Gate Drivers – A Narrative History

A historic narrative of my gate drivers – from trash to beauty

When I started coiling with big bricks upon arriving to MIT, I found a new hobby of gate driving. I had used gate drive transformers at home before, but hadn’t ever worked with floating discrete gate drivers. Unfortunately boot strapped power supplies don’t work very well for tesla coils due to their pulsed nature and need for a high reliability gate drive on the first cycle, so floating power supplies have to be used on the gates.

Many revisions and models I didn’t get pictures of, but this roughly outlines the evolution of the drivers and supplies.


One of the first gate drivers I made, also one of the first boards I etched. As evident by its appearance, it was not very reliable, although it did manage to power up my first DRSSTC for a while. As far as I remember, it was nothing more than a voltage regulator and UCC37322 driving the gate directly, with signal provided by an isolation signal transformer.


Unregulated isolation switching power supply hidden underneath to power the four gate drivers. This was a nightmare of ringing and voltage spikes since I knew very little about proper switching supply design at the time.


Getting a bit more reliable, but still far from perfection. These drivers were powered by iron 60hz transformers rather than a switching supply.


The first moderately reliable gate driver I made, driving a CM600 brick. Still a lot of ground loops and not an ideal board layout at this point, but it worked pretty well. At this point I started using a push pull P-N FET bridge to drive the gate which can be a lot faster than gate drive chips if done right. I also started using optical signaling at this point which greatly aided in precision timing control.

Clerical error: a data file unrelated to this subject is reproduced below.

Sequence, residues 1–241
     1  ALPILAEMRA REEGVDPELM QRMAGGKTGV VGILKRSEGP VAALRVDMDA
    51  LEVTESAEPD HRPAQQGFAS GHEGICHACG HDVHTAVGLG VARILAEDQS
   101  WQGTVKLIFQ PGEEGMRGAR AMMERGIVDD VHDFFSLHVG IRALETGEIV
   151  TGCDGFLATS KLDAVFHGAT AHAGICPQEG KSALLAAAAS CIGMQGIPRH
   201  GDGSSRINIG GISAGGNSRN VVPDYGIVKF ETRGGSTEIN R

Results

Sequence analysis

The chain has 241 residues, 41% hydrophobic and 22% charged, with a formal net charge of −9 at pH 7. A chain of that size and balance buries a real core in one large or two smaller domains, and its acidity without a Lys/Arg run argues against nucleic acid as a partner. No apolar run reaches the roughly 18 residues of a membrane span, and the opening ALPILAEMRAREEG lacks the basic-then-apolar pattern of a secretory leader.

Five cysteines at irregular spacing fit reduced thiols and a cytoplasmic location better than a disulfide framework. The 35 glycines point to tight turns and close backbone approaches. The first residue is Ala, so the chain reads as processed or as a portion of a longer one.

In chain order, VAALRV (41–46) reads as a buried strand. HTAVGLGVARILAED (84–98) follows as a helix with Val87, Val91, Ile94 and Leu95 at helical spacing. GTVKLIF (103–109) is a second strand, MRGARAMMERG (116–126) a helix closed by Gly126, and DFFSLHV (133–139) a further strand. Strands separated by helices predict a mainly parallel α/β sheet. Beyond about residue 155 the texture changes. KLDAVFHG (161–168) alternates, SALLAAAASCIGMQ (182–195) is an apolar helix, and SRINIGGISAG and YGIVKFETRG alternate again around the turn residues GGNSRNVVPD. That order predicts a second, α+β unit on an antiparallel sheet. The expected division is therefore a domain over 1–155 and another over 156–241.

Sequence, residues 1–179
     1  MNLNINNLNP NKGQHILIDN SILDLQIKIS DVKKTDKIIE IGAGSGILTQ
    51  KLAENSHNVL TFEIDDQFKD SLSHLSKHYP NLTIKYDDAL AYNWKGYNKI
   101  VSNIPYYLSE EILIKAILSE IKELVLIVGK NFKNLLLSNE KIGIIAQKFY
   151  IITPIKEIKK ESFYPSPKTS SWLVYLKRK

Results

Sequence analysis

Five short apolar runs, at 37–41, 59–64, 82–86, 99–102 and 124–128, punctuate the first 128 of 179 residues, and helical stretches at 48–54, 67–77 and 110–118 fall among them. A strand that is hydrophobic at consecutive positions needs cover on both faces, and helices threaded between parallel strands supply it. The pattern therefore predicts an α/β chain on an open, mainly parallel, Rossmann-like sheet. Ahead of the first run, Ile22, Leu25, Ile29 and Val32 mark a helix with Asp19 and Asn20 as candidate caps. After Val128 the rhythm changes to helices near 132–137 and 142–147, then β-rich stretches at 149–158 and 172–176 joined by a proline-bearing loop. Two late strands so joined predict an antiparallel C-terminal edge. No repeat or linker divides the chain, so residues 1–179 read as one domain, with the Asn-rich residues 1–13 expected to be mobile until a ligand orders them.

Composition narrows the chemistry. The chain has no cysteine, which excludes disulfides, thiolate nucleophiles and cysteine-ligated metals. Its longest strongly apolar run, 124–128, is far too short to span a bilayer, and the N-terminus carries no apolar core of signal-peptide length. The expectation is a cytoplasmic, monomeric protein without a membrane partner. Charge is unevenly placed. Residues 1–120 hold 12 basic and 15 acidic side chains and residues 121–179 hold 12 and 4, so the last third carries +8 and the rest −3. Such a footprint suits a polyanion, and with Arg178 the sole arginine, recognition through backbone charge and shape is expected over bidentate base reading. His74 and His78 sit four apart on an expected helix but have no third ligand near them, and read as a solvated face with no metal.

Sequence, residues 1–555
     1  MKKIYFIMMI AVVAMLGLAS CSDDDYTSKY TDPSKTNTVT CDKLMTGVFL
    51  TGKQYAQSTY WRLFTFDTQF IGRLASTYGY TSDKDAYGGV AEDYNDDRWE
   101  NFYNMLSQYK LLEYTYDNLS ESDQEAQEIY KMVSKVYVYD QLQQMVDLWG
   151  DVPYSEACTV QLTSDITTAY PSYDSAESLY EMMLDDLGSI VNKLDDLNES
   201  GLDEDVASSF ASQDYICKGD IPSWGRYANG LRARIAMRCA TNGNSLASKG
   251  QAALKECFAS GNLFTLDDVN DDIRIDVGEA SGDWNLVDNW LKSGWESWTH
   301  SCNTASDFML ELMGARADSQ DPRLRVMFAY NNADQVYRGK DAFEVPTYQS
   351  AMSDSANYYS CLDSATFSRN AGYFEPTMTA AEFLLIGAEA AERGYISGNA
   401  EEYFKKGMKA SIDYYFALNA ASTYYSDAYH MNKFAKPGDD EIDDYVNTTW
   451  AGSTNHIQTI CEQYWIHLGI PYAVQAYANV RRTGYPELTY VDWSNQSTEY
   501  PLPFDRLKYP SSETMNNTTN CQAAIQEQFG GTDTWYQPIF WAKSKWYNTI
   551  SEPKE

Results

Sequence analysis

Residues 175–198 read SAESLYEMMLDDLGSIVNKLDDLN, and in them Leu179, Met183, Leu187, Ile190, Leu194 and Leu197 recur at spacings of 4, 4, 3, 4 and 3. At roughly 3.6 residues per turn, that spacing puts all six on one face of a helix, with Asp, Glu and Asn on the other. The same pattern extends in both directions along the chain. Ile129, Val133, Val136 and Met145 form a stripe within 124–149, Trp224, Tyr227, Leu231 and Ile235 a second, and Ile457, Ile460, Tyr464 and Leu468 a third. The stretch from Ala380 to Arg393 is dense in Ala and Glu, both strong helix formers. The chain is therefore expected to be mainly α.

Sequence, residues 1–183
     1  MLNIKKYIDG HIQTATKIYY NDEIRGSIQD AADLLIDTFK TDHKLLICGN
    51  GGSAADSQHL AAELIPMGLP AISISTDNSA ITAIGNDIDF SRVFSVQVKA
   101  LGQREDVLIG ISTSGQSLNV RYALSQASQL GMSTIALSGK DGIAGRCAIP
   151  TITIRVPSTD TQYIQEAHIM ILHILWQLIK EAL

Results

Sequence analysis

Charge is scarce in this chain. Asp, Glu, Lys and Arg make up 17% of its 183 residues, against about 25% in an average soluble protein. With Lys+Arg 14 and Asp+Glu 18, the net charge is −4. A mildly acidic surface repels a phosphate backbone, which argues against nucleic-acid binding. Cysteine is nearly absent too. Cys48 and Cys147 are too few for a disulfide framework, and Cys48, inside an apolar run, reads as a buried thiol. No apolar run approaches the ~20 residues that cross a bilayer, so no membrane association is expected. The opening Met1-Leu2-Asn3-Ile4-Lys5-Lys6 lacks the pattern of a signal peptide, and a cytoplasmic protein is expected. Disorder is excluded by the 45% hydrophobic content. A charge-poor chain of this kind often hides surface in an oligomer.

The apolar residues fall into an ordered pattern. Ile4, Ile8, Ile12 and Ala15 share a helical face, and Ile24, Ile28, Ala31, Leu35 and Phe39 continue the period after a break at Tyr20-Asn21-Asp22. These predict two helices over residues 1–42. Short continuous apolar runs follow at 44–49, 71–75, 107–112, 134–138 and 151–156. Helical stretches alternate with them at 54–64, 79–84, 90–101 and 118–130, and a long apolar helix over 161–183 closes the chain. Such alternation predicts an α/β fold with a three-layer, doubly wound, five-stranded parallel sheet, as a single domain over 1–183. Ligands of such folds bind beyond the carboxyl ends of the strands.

This driver ended up being quite reliable. The grounding is still not ideal and I didn’t put much consideration into loops, but it performed very well. It was capable of driving the 3000nC gate to high in under 30nS which equates to more than 100A of gate drive.


Power supplies on the bottom, the copper tab is a heatsink since it is a linear regulator powering the main gate power.


A better switching power supply with optical feedback to regulate the output. Gave a rock solid voltage to all the gates, although it was a bit over-complicated for the job being done.


Four gate drivers in the evolution of etching


These are the gate drivers I now use, although I revised them to not have ground loops which is fairly important on these boards.


A quick jump to gate drive transformers again. These boards performed very well, and actually turned the gates on almost as cleanly and quickly as the discrete boards. A great thing to have around, although I still like discretes for big coils.


Drive waveform with the gate drive transformers. There is slight ringing which can be removed with a higher gate resistor at the cost of switching speed. That is the main advantage of discrete drivers, even with no gate resistor at all they won’t ring.


A set of drivers freshly assembled. These are the new drivers I use currently and probably will for the foreseeable future. They are optimized with no ground loops at all (a result of not using a ground plane and carefully laying the traces). I also switched to a zener supply on the 5V emitter bias pull down supply, since the 7805 kept burning out. A bit lossy, but much more reliable. I’m sure a linear or switching supply could be found that is more noise immune, but this is a quick easy solution that’ll keep going forever.


All put together with iron transformers. I don’t like the fact that I used iron transformers, but reliability even in fault situations wins in the end. When switching 3000A near by, it’s nice to have one less thing to worry about.

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